It’s Automattic’s service to run how they choose, but I would like to make my decision to stay or leave based on good information.


    Sad to say that despite getting a bit of coverage on WordPress Tavern, I haven’t seen any traction. It looks like crappy ads are here to stay until WP decide to do the right thing by themselves.



    The majority of wordpress.com users don’t frequent the forums or check out wordpress-related blogs, so it’s quite difficult to get the word out to them. There’s never been a strong sense of community here and people don’t seem to get terribly passionate about the platform. (After all, if you really love wordpress then you’re not going to stick around here with all its limitations, you’re going to want to use the full version of the software.) Social networking features are weak compared with rival sites like livejournal or tumblr so it’s very difficult for anything to go viral. And comments on the news blog are heavily censored, so even if people are deeply unhappy with a new feature they’re not going to know that other people are equally unhappy because none of their comments are going to appear.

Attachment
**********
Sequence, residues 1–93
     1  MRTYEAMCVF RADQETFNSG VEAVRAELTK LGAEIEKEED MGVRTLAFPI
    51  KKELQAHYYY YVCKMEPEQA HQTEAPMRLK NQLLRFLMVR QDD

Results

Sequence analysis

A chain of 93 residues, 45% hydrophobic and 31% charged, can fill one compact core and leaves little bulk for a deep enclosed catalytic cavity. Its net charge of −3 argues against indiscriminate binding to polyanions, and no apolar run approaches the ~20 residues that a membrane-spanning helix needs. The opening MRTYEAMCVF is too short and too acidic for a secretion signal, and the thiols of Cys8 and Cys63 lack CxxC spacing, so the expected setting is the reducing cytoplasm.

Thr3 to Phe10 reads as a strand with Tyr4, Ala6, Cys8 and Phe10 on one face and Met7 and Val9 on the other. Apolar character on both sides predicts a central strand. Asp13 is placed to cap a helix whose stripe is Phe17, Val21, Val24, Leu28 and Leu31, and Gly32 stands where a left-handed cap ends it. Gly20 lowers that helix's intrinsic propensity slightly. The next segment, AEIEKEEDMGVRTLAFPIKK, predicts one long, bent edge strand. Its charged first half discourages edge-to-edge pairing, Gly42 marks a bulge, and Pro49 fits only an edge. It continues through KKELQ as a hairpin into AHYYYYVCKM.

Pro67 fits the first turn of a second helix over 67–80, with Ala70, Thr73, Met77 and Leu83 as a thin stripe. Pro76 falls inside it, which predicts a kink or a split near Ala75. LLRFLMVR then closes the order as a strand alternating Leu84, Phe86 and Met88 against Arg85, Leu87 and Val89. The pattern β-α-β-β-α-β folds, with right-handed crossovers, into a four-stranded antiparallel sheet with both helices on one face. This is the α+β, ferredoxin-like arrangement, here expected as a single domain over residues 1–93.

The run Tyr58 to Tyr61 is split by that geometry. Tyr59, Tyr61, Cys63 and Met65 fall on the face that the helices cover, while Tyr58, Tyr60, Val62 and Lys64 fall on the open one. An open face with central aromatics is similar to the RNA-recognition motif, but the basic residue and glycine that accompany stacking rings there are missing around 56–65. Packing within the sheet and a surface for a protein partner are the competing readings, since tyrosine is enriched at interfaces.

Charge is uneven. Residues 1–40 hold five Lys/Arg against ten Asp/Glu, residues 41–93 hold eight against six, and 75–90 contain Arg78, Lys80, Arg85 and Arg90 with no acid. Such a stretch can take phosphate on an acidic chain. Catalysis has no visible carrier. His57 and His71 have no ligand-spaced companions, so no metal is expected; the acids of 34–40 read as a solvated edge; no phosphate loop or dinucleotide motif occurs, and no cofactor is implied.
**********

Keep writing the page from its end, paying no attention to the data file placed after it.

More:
Ultimately, the best thing you can do if you’re unhappy with the way things are is take your custom elsewhere. If you require any degree of control over your site’s appearance, then a platform where anything on your blog can be changed or removed without warning at any time is probably not the most appropriate place for you.



    I have two sites created for not-for-profit societies in the UK, having convinced these good people of the merits of WordPress.com and the suitability of the product for their audiences. I now have to explain to these cash-strapped societies why their august web pages are infested with garish and obtrusive ads, and how they must pay to eliminate them.The ads we see are totally irrelevant to the websites’ content, and are crude (unsophisticated) and extremely intrusive in that they bounce and flash unnecessarily.

    Shouldn’t ad placements be site/location-sensitive to maximise impact, and minimise annoyance? That’s how things happen over here……